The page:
Show 275: Elektra Records founder Jac Holzman, Reviews of Adele & Lucinda Williams
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1 Pop music invaded the Academy Awards last week. Veteran singer/songwriter Randy Newman won the Oscar for Best Original Song. It was Newman’s 20th nomination, but only 2nd win. Despite that, it is revenue from soundtracks like Toy Story that have enabled him to be so prolific. You can’t count on the music industry alone, which Newman compared to a “bank that's already been robbed.” Another rocker, Trent Reznor, went home with the Best Original Score prize for The Social Network. That category is usually dominated by composers like James Horner and Hans Zimmer. Zimmer, for one, was hopeful that Reznor’s win would open doors for more non-traditional musicians in film.
2 If you’ve never heard of The Seeds, chances are you’ve heard their tunes. The garage rock band’s music has been featured in a number of movies and commercials and covered by tons of artists. But, according to lead singer Sky Saxon’s estate, no royalties have been coming in. Saxon died in 2009, and now his estate is suing his former label and music publisher for royalties.
3 Before there was a Merge or a Matador there was Elektra Records. The great American label recently celebrated its 60th anniversary, and its founder Jac Holzman is being inducted into the Rock and Roll Hall of Fame later this month. Jim and Greg talk to Jac about launching Elektra as an independent folk label out of his dorm room in 1950. Eventually the roster grew to include every genre of music—blues, rock, funk, world and pop. It became the home to The Stooges, the MC5, Love and Queen, and, Jim adds, some notoriously difficult personalities. But, Jac insists no artist was too hard to handle. He did use caution when out drinking with Jim Morrison, however.
4 This week British singer Adele bumps the big names off the Billboard chart. Her new album 21 is currently at #1. The former hairdresser impressed Jim and Greg with her debut 19, and now she’s amped up the production with some big names including Beyonce, Rick Rubin and Dan Wilson. But sometimes bigger isn’t always better. Greg loves Adele’s powerful voice, but the quality of the singing trumps the quality of the songs. He gives 21 a Burn It rating. Jim is even more disappointed. He thinks Adele should know better than to sing some of the “nonsense” on this record. She’s gone Hollywood, so he’s going with a Trash It.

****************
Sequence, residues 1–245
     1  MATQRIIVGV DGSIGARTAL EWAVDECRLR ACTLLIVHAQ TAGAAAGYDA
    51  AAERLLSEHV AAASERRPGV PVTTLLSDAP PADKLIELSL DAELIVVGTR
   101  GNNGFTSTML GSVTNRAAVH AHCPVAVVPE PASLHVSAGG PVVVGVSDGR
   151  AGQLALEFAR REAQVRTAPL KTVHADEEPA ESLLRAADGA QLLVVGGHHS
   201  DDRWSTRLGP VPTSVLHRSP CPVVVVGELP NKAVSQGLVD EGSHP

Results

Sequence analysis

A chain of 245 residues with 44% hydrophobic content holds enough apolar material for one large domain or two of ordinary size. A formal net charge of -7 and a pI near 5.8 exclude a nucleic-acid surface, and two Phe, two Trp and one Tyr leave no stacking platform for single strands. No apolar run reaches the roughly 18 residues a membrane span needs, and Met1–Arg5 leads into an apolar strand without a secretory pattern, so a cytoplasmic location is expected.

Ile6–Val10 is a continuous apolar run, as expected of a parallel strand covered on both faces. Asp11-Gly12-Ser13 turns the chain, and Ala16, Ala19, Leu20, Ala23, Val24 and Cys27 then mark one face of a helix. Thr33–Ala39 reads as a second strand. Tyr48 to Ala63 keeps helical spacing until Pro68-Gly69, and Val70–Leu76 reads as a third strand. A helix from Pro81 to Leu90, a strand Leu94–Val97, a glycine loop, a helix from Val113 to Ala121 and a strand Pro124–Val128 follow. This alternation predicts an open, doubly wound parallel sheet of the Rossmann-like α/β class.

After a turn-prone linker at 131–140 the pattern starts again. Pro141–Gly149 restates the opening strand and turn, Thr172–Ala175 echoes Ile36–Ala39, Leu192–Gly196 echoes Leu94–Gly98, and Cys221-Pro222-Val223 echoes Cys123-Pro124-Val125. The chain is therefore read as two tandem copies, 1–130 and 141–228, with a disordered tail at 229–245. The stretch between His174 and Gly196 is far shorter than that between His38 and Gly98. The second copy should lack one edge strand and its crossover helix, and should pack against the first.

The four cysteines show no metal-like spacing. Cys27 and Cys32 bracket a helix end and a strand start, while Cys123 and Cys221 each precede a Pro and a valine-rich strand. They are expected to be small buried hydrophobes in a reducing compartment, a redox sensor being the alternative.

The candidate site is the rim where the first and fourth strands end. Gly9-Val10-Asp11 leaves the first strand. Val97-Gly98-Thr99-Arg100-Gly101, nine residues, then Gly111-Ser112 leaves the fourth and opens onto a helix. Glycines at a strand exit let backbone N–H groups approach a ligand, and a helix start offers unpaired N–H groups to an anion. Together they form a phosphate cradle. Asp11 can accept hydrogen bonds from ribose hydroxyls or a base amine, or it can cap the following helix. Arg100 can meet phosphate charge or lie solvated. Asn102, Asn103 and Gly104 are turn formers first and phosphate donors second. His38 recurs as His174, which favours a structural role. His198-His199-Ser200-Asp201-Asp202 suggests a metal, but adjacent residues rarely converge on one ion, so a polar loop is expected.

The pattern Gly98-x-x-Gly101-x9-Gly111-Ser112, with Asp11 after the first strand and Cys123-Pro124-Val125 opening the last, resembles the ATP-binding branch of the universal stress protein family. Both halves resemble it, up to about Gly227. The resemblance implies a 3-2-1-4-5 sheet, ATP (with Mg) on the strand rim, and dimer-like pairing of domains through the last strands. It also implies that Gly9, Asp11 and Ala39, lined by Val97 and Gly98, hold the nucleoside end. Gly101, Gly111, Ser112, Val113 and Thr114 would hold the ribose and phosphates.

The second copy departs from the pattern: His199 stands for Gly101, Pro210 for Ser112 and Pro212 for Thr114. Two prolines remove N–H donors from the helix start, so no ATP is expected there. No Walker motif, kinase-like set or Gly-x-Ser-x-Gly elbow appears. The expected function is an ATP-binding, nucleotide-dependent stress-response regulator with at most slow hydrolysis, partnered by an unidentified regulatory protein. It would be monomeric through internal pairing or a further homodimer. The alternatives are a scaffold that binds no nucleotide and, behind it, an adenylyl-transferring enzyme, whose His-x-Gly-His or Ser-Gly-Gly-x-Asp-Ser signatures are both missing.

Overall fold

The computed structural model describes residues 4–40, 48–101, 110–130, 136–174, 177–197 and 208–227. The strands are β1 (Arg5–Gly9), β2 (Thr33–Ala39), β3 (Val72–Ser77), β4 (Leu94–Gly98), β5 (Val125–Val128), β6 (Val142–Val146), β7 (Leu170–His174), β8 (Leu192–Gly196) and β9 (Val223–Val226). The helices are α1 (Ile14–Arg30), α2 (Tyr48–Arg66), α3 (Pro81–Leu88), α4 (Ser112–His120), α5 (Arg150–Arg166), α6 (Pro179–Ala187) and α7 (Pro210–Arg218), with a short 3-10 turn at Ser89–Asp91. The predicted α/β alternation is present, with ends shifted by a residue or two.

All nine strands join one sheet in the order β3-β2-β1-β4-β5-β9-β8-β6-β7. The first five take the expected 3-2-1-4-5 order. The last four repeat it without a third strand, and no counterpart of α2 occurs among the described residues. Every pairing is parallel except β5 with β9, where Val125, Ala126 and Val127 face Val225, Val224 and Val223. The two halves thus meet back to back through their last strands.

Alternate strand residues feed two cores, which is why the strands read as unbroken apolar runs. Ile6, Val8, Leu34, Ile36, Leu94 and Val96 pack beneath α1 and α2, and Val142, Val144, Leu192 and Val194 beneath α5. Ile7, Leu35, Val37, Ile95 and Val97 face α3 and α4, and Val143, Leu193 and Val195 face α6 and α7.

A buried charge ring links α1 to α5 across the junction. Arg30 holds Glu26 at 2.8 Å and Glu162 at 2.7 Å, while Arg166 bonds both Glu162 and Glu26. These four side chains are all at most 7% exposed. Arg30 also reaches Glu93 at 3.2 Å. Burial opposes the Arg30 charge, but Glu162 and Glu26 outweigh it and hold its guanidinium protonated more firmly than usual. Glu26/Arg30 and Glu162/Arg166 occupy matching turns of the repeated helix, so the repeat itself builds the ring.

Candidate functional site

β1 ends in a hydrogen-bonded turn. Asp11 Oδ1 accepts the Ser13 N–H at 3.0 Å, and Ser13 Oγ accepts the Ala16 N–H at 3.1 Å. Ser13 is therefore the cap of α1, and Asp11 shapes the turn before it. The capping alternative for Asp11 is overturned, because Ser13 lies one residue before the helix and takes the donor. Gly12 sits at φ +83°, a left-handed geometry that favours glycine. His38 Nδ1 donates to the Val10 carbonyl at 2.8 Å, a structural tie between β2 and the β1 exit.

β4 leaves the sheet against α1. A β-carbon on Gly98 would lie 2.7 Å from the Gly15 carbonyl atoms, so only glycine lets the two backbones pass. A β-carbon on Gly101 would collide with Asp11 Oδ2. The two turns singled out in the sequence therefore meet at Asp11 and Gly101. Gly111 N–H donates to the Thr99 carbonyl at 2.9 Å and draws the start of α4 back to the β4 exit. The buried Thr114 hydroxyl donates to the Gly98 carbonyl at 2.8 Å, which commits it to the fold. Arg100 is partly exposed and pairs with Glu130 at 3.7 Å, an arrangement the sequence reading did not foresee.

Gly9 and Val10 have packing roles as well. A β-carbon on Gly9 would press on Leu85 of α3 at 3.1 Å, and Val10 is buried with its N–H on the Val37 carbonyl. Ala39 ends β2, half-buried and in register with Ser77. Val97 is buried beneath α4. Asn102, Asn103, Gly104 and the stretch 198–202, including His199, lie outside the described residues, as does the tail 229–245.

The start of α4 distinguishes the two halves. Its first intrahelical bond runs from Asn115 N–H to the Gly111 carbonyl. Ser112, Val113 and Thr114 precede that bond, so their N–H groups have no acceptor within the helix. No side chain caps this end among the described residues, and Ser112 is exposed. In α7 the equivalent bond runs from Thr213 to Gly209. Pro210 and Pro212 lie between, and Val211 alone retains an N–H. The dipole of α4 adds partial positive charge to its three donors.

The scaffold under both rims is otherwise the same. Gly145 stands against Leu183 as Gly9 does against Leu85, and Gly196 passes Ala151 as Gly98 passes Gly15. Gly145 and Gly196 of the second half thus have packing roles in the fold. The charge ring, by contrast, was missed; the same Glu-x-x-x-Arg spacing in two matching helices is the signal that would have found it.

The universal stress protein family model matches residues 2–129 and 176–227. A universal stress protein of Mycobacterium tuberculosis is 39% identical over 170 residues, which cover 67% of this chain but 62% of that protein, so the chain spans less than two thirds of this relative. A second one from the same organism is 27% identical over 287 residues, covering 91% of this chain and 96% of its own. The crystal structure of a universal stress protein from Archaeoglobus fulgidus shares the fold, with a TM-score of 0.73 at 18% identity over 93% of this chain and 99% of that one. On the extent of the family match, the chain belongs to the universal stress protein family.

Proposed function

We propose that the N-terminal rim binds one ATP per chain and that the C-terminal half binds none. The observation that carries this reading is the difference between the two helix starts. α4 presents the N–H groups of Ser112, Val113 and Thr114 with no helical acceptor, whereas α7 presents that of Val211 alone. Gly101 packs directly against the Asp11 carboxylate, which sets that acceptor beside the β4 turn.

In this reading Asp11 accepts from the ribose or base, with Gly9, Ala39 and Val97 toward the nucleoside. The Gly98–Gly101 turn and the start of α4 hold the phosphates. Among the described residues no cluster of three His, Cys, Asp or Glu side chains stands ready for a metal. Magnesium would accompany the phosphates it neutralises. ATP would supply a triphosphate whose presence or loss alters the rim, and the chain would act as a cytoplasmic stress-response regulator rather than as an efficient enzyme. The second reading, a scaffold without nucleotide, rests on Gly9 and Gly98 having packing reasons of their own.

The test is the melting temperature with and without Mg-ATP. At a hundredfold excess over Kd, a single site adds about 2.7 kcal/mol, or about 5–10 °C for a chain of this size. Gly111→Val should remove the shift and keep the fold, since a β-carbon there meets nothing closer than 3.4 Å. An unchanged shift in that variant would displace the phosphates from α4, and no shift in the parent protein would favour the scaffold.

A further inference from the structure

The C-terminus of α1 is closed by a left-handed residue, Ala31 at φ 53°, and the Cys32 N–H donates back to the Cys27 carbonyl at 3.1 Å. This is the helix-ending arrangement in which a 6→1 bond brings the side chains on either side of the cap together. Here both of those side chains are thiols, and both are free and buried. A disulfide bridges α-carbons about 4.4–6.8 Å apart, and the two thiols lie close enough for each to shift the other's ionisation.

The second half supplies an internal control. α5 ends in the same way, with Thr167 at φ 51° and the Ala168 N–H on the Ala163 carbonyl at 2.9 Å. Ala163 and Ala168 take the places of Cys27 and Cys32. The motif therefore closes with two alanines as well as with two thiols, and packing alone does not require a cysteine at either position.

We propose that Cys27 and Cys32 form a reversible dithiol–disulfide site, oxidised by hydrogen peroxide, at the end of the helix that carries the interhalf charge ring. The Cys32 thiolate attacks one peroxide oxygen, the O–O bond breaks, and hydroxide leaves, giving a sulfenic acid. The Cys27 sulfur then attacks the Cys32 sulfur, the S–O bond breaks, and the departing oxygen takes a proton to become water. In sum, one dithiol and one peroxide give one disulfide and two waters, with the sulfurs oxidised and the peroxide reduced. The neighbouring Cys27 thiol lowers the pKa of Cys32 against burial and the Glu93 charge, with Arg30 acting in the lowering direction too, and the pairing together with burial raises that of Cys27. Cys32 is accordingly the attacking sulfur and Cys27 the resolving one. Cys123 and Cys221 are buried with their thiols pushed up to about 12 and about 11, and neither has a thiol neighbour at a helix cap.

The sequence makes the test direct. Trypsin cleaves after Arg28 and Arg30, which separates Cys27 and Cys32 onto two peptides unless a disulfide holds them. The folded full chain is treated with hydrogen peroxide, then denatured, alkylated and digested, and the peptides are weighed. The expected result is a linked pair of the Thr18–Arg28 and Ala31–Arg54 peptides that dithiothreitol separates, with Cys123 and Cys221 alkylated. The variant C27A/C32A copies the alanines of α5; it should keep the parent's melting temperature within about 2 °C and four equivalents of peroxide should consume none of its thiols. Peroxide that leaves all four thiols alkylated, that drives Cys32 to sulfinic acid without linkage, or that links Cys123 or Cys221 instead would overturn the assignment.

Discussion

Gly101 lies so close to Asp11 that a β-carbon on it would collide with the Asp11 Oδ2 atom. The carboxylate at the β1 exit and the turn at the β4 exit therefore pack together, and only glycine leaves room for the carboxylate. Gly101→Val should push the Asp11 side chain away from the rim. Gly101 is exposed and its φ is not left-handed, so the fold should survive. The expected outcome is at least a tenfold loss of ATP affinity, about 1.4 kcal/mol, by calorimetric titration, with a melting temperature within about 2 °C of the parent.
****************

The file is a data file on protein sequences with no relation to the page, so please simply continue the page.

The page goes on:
5 Singer/songwriter Lucinda Williams also has a new album out called Blessed. Now that she is happily married she’s moved on from the woeful bar tales to songs about other people. Jim loves this approach, especially on songs like “Soldier’s Song” that are from the point of view of a G.I. Greg agrees—Williams has reinvented herself. This goes for the singing as well, and he credits producer Don Was for pulling everything back to make way for that voice. Williams is doubly Blessed with two Buy Its.
Songs Featured in Show #275
Randy Newman, “We Belong Together,” Toy Story 3 O.S.T., Walt Disney, 2010
Trent Reznor and Atticus Ross, “In Motion,” The Social Network, The Null Corporation, 2010
The Seeds, “Mr. Farmer,” A Web Of Sound, GNP Crescendo, 1966
Queen, “Killer Queen,” Sheer Heart Attack, Elektra, 1974
Jean Ritchie, “O Love Is Teasin’,” Her Kentucky Mountain Family, Elektra, 1952
Judy Collins, “Hard Lovin’ Loser,” In My Life, Elektra, 1966, (0:48)
Josh White, “Free And Equal Blues,” The Story Of John Henry & Ballads, 1955
Paul Butterfield Blues Band, “Blues With A Feeling,” Paul Butterfield Blues Band, Elektra, 1965
Carly Simon, “You’re So Vain,” No Secrets, Elektra, 1972
MC5, “Kick Out The Jams,” Kick Out The Jams, Elektra, 1969
The Stooges, “Down On The Street,” Funhouse, Elektra, 1970
Love, “My Little Red Book,” Love, Elektra, 1966
Love, “The Red Telephone,” Forever Changes, Elektra, 1967
The Doors, “Light My Fire,” The Doors, Elektra, 1967
The Stooges, “I Wanna Be Your Dog,” The Stooges, Elektra, 1969
Tim Buckley, “Wings,” Tim Buckley, Elektra, 1966
Adele, “Rolling In The Deep,” 21, XL, 2011
Adele, “Turning Tables,” 21, XL, 2011
Lucinda Williams, “Buttercup,” Blessed, Lost Highway, 2011
Lucinda Williams, “Seeing Black,” Blessed, Lost Highway, 2011
Lucinda Williams, “Soldier’s Song,” Blessed, Lost Highway, 2011
tUnE-yArDs, “Bizness,” W H O K I L L, 4AD, 2011
Grateful Dead, “Operator,” American Beauty, Warner Bros., 1970
Monkees, “Head Trailer,” Head, Colgems, 1968
Monkees, “Circle Sky,” Head, Colgems, 1968